Eternity, Infinity, Religion and Transhumanism

Jake Costello (
Sun, 17 Nov 1996 14:32:49 -0600

Sometimes terms like "eternal life" and "immortality" seemed to get
tossed around pretty casually around here. This is a bit curious to me,
since one of the main driving forces behind my leaving Xtianity (and
ultimately bumping into transhumanism)that the idea of truly eternal
life ceased to automatically be appealing or even make any sense.
What do I mean, it doesn't make sense? Eternal life and
immortality as traditionally conceived refer to infinities. (I'm using
"eternal" in its temporal, rather than atemporal, sense). Everybody
on this list is certainly well acquainted with the fundamental
difference between an infinite quantitity and a finite quantity, no
matter how large. An infinity is as different from a finite quantity as
any finite quantity is from a zero.
To make a not exactly logical leap here, it seems equally
obvious that an infinite (or semi-infinite) lifespan is as different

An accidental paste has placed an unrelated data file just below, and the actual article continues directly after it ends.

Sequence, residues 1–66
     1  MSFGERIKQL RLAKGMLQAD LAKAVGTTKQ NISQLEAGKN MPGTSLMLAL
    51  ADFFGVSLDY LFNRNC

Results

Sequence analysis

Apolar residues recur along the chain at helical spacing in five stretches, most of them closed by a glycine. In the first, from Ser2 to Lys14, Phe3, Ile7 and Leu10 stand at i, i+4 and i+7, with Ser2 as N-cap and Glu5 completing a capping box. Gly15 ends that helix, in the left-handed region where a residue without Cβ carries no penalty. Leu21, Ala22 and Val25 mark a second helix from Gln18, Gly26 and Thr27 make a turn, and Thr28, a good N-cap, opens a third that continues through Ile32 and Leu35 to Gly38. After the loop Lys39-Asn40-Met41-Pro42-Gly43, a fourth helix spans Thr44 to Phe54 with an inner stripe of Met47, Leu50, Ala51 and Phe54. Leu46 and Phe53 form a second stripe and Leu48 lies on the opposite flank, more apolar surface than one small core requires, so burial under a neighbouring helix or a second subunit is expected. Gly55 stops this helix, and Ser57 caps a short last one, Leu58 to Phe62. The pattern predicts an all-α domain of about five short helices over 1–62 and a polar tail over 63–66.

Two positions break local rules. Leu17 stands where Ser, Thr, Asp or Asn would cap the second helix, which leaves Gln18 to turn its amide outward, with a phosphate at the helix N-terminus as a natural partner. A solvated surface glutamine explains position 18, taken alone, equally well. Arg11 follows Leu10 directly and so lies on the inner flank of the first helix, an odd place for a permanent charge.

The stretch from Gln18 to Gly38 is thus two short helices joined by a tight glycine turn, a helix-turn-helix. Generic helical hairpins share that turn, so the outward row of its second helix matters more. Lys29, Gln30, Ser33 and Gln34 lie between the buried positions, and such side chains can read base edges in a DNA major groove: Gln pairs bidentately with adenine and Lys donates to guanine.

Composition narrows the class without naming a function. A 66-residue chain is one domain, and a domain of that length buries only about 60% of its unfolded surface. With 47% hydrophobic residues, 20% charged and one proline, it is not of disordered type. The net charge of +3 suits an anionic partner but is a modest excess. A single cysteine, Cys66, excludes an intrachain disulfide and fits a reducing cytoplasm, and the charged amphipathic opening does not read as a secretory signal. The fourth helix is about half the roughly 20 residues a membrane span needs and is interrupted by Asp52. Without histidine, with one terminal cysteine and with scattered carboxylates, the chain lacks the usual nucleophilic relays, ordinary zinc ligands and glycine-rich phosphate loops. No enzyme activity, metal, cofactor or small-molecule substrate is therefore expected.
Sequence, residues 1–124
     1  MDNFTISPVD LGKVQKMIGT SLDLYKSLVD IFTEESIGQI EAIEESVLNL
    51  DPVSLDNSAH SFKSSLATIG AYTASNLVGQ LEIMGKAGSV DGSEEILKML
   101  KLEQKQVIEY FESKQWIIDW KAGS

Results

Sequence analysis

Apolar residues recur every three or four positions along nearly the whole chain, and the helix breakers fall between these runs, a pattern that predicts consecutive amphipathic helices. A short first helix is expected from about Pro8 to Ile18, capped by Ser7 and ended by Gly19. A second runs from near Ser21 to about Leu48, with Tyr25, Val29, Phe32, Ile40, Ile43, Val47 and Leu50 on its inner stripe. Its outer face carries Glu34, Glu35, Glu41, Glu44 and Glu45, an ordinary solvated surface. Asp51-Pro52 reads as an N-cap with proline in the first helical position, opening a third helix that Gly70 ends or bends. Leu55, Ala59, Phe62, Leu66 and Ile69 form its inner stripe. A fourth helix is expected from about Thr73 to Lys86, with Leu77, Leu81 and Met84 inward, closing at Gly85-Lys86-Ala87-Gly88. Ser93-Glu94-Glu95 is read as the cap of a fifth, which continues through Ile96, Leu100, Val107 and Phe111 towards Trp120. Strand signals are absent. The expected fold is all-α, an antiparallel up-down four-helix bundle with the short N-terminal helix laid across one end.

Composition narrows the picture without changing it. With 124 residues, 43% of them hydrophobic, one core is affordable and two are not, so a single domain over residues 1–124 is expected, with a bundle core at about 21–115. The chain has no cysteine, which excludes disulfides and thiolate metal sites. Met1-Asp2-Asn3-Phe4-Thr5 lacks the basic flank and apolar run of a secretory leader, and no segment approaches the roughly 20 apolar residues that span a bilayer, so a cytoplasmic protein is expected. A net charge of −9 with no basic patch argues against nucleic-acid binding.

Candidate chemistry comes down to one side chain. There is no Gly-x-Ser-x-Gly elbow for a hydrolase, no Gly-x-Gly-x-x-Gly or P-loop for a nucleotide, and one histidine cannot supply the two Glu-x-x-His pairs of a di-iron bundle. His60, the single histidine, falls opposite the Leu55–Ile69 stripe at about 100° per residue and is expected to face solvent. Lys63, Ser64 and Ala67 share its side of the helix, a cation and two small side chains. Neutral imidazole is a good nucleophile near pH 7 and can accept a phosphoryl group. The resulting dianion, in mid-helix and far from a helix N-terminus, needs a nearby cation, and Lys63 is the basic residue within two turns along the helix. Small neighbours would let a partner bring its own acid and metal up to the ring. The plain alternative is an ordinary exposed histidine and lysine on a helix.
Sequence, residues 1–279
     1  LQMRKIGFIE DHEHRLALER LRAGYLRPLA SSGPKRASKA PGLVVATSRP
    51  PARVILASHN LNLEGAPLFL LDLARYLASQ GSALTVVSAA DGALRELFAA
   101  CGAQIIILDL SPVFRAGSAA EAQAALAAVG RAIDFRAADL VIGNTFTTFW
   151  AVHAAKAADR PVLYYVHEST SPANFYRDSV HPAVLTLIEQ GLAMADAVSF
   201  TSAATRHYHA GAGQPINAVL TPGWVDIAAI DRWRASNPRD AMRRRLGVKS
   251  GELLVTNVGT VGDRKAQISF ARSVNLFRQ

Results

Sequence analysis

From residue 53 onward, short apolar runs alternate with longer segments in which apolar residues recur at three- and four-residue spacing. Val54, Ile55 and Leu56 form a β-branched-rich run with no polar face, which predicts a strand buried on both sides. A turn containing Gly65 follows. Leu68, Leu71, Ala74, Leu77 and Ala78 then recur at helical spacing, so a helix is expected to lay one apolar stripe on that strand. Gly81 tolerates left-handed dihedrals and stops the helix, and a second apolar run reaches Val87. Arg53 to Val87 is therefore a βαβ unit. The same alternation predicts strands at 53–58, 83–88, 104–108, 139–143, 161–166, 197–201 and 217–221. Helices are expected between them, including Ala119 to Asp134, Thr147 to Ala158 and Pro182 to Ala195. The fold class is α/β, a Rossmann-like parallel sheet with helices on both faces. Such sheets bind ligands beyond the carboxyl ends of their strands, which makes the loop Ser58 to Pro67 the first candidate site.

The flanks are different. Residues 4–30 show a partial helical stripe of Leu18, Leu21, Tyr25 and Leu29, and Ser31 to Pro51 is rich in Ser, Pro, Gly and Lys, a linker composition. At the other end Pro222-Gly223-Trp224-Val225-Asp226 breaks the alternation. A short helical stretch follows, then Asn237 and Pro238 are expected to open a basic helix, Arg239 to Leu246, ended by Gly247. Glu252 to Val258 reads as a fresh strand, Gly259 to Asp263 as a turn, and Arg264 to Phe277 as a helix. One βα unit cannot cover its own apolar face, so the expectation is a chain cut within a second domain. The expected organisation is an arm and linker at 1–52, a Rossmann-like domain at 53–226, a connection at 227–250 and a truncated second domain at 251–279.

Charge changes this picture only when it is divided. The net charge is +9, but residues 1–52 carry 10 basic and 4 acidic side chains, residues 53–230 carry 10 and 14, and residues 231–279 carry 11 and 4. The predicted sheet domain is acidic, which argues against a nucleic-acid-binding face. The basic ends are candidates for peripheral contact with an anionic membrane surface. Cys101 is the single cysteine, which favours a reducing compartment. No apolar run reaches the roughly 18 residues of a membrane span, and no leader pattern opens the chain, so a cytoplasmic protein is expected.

from any finite lifespan as a finite lifespan is from never existing at
all. Theologians have long recognized this difficulty. Unfortunately,
the answers they give tend to boil down to the most intellectually
dishonest trick in their arsenal: It's beyond human understanding.
What I want to know is, how many of you want real eternal life
as opposed to an indefinite lifespan? (The difference here is a fuzzy
part of these wonderings, but the real difficulties that come with
eternal life don't seem to be a problem with indefinite lifespans.)
For those of you who do, how do you conceive of such an existence?
Much has been written in extropian circles about how one can
meaningfully retain one's identity while vastly augmenting one's mental
capabilities. It seems to me that if one proposes truly eternal life,
the task must be at least partially repeated to justify a claim to being
the same person, living eternally.
As to myself, I'm inclined towards a bit despair (not very
extropian, for sure.) Some form of atemporality seems the best option,
but this is really fuzzy territory.

dreaming of Rivendell,

jake costello